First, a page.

Reflection by Mark Lloyd Taylor, Ph.D. (Faculty, Seattle University School of Theology and Ministry)

“…unless a grain of wheat falls into the earth and dies…” (John 12:24)

A transformative moment of self awareness came for me when I realized my greatest gifts as a person and my most impactful limitations do not lie separated from each other, on opposite ends of some spectrum, but in closest proximity, like two sides of the same coin. My ability to keep calm and look out for the needs of others in times of crisis, for example, born out of the experience of caring for younger siblings when I was eight and our little baby brother was so gravely ill and in the hospital, that ability comes at a high price, for I sometimes find it difficult to feel my own feelings deeply as I squelch what’s inside to deal with the chaos outside.

Something similar can be said, I believe, of the gifts and limitations of our various ecclesial communities – they lie in close proximity. I am an Episcopalian. Public, corporate worship represents the center of gravity for my ecclesial community. Important gifts flow from this center: the Episcopal way of being Christian is highly communal, fiercely embodied, elemental, dramatic, beautiful, tolerant of ambiguity, and adverse to doctrinal rigidity. But limitations lie close at hand as well: we Episcopalians can devolve into liturgical fundamentalists, or worse, we can fail to connect our worship to the transformative work of justice and peace in the world to which we are called by our baptism. I wonder how you would describe the gifts and limitations of your Roman Catholic or Presbyterian or American Baptist or ______________ ecclesial community and whether you experience them as two sides of the same coin?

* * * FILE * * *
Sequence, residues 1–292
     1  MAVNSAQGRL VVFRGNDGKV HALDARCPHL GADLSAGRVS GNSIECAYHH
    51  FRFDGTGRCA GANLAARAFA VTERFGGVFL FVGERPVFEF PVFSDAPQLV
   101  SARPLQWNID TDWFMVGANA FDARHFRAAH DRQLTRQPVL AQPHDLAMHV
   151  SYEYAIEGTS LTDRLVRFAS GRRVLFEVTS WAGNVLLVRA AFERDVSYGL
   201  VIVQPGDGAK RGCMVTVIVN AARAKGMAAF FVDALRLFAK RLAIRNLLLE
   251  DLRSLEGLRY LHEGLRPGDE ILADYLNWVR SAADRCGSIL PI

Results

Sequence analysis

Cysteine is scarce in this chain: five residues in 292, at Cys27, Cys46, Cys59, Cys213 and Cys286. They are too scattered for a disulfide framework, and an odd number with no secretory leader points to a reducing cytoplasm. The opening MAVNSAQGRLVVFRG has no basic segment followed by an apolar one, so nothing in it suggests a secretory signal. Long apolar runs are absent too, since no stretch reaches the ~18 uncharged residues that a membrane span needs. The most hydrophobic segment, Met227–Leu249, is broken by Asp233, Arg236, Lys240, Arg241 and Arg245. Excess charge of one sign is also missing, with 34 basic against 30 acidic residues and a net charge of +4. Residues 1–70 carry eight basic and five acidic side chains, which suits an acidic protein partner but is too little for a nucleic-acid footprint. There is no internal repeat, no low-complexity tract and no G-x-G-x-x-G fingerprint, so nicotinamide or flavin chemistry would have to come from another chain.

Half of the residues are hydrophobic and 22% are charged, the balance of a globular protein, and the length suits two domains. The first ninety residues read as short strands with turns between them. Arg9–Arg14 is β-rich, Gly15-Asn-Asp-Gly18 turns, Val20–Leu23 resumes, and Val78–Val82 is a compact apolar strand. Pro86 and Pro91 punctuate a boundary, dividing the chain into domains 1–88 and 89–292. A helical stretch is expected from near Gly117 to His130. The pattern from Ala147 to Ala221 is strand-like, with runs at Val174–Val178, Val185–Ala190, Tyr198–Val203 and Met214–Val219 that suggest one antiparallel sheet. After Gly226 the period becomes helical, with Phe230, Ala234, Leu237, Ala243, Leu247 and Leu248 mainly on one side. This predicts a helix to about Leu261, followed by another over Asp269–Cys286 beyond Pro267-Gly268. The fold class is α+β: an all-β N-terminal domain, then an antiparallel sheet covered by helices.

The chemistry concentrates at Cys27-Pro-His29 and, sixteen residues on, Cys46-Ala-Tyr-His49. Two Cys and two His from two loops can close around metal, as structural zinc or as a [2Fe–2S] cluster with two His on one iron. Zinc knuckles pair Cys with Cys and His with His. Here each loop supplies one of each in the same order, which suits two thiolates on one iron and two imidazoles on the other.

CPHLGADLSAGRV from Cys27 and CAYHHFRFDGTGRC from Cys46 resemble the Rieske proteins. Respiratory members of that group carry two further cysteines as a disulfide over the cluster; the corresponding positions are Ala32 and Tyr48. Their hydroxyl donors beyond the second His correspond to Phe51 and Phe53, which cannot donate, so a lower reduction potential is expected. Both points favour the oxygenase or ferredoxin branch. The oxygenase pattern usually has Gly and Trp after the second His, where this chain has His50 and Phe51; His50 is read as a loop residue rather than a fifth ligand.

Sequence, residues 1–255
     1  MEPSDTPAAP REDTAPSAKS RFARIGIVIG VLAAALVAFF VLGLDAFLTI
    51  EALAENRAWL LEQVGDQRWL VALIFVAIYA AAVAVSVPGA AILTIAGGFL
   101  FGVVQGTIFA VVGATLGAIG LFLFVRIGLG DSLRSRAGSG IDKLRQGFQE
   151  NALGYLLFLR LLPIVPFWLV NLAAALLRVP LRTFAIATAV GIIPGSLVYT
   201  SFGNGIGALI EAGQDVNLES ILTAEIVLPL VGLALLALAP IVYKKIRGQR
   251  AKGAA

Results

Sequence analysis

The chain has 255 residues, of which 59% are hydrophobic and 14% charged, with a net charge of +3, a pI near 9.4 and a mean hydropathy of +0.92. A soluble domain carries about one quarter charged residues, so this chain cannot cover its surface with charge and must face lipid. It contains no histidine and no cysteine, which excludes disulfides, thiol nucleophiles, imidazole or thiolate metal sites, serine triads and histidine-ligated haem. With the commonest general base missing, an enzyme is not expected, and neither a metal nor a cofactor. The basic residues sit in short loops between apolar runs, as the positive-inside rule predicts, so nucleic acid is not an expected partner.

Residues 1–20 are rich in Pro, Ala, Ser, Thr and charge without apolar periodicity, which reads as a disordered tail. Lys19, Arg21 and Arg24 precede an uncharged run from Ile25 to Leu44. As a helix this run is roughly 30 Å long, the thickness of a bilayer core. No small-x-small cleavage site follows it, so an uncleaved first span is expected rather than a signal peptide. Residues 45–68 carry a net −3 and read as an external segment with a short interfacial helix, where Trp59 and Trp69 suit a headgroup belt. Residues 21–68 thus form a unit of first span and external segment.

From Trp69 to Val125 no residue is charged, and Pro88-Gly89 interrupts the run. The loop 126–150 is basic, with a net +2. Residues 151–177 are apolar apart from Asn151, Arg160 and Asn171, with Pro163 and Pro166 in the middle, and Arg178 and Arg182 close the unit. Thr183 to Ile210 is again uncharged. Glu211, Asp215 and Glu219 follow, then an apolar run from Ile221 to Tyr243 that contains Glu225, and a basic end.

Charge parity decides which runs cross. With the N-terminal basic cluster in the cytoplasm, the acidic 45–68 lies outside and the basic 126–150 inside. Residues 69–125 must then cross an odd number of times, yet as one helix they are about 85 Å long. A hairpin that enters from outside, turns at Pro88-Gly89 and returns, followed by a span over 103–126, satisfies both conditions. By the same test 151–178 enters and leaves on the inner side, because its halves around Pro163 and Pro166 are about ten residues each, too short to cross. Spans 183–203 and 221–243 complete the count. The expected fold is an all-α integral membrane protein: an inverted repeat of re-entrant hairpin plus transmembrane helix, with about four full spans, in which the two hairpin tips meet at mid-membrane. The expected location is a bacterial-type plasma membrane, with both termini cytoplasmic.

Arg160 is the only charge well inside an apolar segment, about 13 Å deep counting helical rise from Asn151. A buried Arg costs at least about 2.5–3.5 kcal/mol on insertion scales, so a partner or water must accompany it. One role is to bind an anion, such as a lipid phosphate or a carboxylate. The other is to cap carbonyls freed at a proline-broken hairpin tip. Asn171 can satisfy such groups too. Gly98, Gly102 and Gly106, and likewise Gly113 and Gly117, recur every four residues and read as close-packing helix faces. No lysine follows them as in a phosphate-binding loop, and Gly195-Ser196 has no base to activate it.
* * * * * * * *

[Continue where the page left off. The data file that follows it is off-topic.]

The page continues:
“Unless a grain of wheat falls into the earth and dies,” Jesus says in John’s gospel, “it remains just a single grain; but if it dies, it bears much fruit.”

My almost twenty years of association with Seattle University’s School of Theology and Ministry have taught me that ecumenism, Christian unity, requires all of us – Episcopalian and Roman Catholic and Presbyterian and American Baptist and ________________ – to undergo a kind of death. Like Jesus’ grain of wheat, we must die to our “singleness,” the illusion that my way of being Christian is the only way, or the best way; the illusion that I can be a healthy Episcopal Christian without the distinctly different ways of worship and witness represented by my Roman Catholic, Presbyterian, and American Baptist sisters and brothers. But also like Jesus’ grain of wheat, which does not cease to exist, does not cease being wheat, when it falls into the earth and dies, so Christian unity does not ask us to negate the particular gifts of our ecclesial communities; to the contrary, they contain the germ of new life. For like Jesus’ grain of wheat, much fruit is borne when our greatest gifts are liberated from the prisons of our singleness, our most impactful limitations. Then they truly become gifts offered to all, instead private possessions to be hidden and hoarded.

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